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Reviewed by Major Keary
The initialism, CJKV, stands for Chinese, Japanese, Korean, and Vietnamese; it has become a standard term in the fields of information processing and character encoding.
In the Foreword of CJKV Information Processing Robert Bringhurst notes that "very few books [written by outsiders about the Orient] have been translated into Asian languages, because so few of them tell Asians anything about themselves. Once in a while, though, outsiders really know their stuff, and insiders see that this is so. The first edition of this book … was recognised at once as the definitive work in the field and was promptly translated into both Chinese and Japanese".
CJKV Information Processing is the definitive text in respect of CJKV information processing using modern computers; it is a valuable resource for anyone with an interest in the development of multilingual software; and it contains much of interest--especially in respect of writing systems—to teachers and students of any of the CJKV languages.
Some may wonder why Vietnamese is included when it uses a Latin-based alphabet. There are two reasons. The language was originally written in Chinese characters, a form of writing that—given Vietnam's large ethnic Chinese population—is still widely used. Apart from some additional characters (horned 'O' and 'U', and crossed 'D') numerous diacritics and tone marks are employed in the official Vietnamese Latin alphabet, which represents a repertoire of, on my count, 233 characters when numerals, punctuation marks, and the other usual symbols are included. One of the advantages of modern electronic typesetting is that 'accented' letters are treated as stand-alone glyphs.
Chinese characters found their way to Japan, Korea, and Vietnam at different periods; in each locale some of the glyphs have since undergone variation and new characters created. While that has been going on there have been changes and additions to the han mother-lode. Han is a term used for Chinese characters (hanzi in China, kanji in Japan, hanja in Korea, and chu Han in Vietnam).
In response to the proliferation of computers the Japanese were first to look at ways of codifying the characters used in their writing system; JIS C 6226-1978 was established on 1 January 1978; there have been several revisions, largely related to the development of ISO 10646 and Unicode. Apart from national standards there have been a number of corporate encodings.
The second edition of CJKV Information Processing is the most authoritative and detailed text on the current state of unification of han characters, which occupy a large part of the ISO 10646/Unicode encoding space. There are ongoing problems with presenting a unified set of characters that satisfy the needs of countries—and particular locales—where the writing system uses Chinese characters. Ken Lunde supports Unicode, but points out that legacy encodings will continue to be used. He discusses legacy-to-Unicode conversion issues in depth and how various programming languages can be used to cope with that situation. The book is an essential reference for software developers working on applications that require multilingual interfaces.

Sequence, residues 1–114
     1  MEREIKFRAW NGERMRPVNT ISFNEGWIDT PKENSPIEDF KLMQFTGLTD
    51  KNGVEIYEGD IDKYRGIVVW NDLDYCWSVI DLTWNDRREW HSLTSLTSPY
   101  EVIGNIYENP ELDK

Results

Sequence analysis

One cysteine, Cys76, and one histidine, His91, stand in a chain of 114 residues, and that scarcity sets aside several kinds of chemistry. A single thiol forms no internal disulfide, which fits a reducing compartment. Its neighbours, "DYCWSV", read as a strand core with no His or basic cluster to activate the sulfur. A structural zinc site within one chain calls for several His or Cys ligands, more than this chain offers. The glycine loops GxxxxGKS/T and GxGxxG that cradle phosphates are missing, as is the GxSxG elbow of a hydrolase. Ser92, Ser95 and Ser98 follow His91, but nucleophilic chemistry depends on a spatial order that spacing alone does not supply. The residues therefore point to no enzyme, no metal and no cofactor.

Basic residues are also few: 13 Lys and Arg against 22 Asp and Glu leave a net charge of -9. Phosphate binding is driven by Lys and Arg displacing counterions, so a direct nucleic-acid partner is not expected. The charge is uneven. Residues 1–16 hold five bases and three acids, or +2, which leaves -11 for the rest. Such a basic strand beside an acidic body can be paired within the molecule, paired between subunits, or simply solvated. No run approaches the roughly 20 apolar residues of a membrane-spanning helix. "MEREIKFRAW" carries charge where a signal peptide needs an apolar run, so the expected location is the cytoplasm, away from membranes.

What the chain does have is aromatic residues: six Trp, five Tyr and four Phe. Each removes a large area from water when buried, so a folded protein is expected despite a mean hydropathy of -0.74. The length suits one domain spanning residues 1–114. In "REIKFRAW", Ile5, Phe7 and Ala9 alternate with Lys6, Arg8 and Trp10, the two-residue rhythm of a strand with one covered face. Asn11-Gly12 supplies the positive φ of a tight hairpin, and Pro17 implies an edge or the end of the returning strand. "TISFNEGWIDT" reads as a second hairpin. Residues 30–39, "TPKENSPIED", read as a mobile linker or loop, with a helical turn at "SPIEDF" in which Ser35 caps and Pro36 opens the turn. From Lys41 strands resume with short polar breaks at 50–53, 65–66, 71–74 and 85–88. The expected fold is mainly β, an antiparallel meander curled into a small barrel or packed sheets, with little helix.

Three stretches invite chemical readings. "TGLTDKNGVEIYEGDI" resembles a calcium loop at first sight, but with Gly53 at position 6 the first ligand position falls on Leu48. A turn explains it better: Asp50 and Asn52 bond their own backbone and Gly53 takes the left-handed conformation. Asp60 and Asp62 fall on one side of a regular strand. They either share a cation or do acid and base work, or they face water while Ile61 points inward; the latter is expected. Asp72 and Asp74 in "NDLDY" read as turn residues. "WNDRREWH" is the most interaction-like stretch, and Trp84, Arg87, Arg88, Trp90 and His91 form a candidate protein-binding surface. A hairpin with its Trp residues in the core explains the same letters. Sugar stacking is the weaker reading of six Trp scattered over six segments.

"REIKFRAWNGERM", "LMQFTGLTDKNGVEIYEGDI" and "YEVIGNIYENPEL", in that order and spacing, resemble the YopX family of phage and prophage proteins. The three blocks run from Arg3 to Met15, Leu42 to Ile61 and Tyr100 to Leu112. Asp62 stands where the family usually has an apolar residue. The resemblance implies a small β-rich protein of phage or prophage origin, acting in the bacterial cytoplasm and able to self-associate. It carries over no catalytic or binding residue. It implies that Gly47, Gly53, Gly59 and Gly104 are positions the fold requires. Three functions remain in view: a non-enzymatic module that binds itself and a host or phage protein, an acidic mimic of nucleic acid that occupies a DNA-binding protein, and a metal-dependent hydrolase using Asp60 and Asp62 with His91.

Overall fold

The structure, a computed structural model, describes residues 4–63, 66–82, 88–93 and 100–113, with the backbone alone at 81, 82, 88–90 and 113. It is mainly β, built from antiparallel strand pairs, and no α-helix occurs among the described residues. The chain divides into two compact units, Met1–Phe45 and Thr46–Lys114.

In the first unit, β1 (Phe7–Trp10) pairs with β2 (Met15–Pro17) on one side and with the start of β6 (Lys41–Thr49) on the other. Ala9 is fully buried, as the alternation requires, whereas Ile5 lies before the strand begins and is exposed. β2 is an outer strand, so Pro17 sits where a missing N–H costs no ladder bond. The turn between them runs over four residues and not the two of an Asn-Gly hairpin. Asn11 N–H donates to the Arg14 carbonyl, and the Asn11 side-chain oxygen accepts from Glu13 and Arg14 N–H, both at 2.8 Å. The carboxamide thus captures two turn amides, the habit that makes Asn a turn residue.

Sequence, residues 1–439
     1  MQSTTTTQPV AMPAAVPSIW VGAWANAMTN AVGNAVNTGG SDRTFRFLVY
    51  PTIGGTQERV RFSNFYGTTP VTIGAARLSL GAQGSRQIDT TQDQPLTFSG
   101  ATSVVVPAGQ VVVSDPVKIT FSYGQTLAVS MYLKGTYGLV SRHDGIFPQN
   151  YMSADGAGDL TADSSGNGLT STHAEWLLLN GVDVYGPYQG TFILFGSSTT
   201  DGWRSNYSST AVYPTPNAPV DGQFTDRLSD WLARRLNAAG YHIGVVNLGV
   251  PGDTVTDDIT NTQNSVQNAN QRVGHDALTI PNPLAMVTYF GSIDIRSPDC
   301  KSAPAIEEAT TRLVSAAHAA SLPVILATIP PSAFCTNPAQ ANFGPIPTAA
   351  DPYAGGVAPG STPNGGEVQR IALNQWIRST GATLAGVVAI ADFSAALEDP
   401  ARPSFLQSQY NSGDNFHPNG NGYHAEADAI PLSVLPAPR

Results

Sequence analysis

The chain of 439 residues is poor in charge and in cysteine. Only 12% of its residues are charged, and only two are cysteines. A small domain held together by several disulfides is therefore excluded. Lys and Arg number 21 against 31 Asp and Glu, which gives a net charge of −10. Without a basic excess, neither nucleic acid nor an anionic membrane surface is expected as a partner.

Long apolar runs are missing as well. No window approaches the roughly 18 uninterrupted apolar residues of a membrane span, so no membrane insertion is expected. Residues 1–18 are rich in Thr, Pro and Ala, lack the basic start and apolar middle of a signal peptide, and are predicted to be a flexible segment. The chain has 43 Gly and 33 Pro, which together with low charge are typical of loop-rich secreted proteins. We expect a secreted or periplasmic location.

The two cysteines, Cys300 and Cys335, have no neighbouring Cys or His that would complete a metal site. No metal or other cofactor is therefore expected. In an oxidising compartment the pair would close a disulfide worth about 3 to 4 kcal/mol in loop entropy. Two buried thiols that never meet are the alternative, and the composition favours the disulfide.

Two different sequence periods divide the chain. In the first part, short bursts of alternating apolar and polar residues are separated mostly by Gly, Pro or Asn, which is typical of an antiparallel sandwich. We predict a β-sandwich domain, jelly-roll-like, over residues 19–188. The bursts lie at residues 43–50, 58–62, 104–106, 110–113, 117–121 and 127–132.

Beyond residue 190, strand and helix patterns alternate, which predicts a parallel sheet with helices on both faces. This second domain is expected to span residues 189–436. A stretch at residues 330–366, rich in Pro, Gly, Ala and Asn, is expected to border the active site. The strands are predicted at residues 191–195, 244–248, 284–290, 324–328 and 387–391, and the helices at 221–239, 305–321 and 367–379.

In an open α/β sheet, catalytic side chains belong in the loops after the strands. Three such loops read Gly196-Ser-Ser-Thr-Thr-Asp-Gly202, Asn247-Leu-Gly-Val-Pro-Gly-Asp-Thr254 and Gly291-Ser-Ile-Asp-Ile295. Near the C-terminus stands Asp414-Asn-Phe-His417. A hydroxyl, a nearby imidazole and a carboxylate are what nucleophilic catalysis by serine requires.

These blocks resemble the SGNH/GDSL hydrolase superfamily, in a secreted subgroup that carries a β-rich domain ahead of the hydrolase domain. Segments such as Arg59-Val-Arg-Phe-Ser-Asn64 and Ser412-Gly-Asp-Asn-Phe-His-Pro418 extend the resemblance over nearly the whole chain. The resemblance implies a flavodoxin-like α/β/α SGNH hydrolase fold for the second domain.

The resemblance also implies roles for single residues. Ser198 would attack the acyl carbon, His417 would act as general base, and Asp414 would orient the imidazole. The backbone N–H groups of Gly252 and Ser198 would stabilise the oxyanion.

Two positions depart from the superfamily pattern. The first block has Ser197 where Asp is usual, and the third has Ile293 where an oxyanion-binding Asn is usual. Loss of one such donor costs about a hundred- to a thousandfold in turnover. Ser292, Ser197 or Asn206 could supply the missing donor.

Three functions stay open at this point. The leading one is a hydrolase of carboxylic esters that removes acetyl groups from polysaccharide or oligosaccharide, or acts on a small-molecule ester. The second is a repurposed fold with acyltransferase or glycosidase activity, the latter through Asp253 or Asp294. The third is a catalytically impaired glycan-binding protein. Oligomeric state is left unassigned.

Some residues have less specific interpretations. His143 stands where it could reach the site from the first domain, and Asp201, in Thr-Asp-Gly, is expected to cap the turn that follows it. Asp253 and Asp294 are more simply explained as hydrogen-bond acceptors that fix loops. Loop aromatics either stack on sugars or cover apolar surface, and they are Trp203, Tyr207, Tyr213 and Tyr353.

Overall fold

For those who need to work with CJKV languages there is information on operating systems and software in a CJKV environment; there is no other current resource that provides such depth of coverage as CJKV Information Processing.
The breadth of coverage in CJKV Information Processing is most remarkable, reaching into every nook and cranny of the languages, their respective idiosyncrasies, resources (such as dictionaries), programming issues, typesetting issues, input methods, and standards. Apart from information processing, which is the prime focus of this text, it is an unparalleled resource for anyone studying (or teaching) the respective writings systems of the CJKV lanuages.
This is a book that deserves a place in any library with holdings on linguistics, computer programming, typesetting, type design, Unicode, information processing, and—of course—any of the CJKV languages.
The first edition of CJKV Information Processing ran to 1101 pages; the second edition contains more information, but the page count is 864, which may seem strange. The reduction has been achieved by dropping some 420 pages of appendices covering various character sets and encodings. The data is now available as PDF files that can be downloaded (URL details for each of the new appendices are provided in the book). In case you encounter a blank screen simply do a save-page-as and the PDF file will show in the pop-up download dialogue box. Placing the appendices on a web site also enables the information to be updated as necessary.
A tour de force and a delight to read. Ken Lunde is a master technical communicator.
Ken Lunde: CJKV Information Processing 2nd Edn.
Published by O'Reilly, 864 pp., RRP AU$ 125.00
O'Reilly titles are distributed in Australia by Woodslane (www.woodslane.com.au)